My sister asked her what the diagnosis was and why she was prescribed such a drug. My mum told her that the doctor had diagnosed a rare form of chest infection that required a specific test to confirm before prescribing the oral steroids, but to my sisters disbelief the required test was not done and my mum was placed on that very harsh regimen without a confirmatory test.
My sister with her pharmacy knowledge knew what the side effects of oral steroid were and was not happy that her mum had been put on such a harsh drug.
First of all my mum is diabetic and the oral steroid is contra indicated for a diabetic. The oral steroid that was prescribed prompted her use of insulin in conjunction with her oral diabetic medication; she also gained tremendous weight that she found it difficult to walk. The weight gain also prompted a weight aggravated hypertension which stressed her heart even further. Can you believe that the doctors never asked her about her previous medical history before placing her on the steroids? Maybe if they had asked they would have known that she was diabetic and should have never been placed on the steroids, but they never asked.
We immediately flew my mum to USA, for follow up medical checkup. When she arrived at USA, they looked at the case file and immediately started questioning the use of the oral steroid. They did a conclusive test that showed that the diagnosis from Nigeria was wrong. What the Nigerian doctors had seen on her chest x-ray were scars from a previous cancer treatment (Radiotherapy) and they interpreted these to mean a rare infection.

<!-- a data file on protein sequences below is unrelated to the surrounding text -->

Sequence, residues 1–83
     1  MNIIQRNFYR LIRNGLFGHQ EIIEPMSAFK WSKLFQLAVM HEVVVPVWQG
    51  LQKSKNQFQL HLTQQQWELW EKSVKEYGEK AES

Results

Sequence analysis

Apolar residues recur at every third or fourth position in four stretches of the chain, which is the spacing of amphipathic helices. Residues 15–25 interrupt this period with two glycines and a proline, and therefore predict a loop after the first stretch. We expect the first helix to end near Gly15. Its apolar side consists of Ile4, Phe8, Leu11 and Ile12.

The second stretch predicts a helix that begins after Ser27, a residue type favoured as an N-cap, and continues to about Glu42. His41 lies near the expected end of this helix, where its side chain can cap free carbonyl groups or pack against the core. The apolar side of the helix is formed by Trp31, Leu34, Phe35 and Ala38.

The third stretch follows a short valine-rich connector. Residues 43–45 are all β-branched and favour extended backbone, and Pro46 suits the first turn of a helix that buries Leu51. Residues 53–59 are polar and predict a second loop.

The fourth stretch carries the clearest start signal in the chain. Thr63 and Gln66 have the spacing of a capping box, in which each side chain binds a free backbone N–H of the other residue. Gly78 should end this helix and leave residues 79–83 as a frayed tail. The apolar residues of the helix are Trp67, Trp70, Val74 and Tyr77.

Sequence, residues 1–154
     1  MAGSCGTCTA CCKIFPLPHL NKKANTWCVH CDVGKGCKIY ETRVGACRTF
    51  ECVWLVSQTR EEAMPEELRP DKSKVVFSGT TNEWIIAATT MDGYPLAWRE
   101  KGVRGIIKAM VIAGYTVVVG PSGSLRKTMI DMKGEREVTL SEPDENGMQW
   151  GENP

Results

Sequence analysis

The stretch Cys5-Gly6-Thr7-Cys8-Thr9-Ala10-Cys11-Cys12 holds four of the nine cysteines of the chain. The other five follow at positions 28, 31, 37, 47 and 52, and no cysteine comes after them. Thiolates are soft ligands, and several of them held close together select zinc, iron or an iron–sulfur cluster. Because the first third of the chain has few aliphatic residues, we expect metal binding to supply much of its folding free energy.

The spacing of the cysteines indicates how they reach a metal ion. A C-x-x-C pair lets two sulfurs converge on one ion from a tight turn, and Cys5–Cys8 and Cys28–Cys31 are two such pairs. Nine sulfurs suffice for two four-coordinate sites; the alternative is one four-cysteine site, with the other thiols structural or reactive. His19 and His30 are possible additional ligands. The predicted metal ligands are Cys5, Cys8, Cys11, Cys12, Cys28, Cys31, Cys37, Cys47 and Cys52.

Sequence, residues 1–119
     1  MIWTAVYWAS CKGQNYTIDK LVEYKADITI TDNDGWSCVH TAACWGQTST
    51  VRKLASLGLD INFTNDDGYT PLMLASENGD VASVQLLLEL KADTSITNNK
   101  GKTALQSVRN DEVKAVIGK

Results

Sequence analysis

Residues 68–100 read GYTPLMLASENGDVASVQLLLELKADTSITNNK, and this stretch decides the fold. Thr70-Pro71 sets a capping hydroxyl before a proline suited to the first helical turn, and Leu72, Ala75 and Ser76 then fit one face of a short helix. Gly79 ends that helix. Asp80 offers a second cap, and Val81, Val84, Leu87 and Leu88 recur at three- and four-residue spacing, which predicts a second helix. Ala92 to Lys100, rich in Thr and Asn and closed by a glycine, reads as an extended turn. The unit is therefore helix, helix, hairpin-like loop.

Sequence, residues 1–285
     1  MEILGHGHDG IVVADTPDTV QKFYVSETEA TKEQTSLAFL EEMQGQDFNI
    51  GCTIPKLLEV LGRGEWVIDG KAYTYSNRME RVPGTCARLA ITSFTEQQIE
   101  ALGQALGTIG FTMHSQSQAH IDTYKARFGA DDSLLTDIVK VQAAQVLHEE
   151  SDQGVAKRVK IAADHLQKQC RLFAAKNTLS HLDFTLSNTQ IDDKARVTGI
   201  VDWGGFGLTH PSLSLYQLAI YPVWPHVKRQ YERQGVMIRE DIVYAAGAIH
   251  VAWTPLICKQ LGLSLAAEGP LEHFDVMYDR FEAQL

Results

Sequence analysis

The doctors in USA commenced extensive tests, first for the 2 organ systems that support breathing which are the heart and lungs, they asked if a diagnostic test was done (such as a lung biopsy to support their findings in Nigeria). They were alarmed that diagnostic test was not done. The biopsy test done in the USA ruled out what was diagnosed in Nigeria and the lungs were not even involved, it was the heart, she had suffered a heart attack and they were given her an oral steroid that could cause another heart attack. How careless.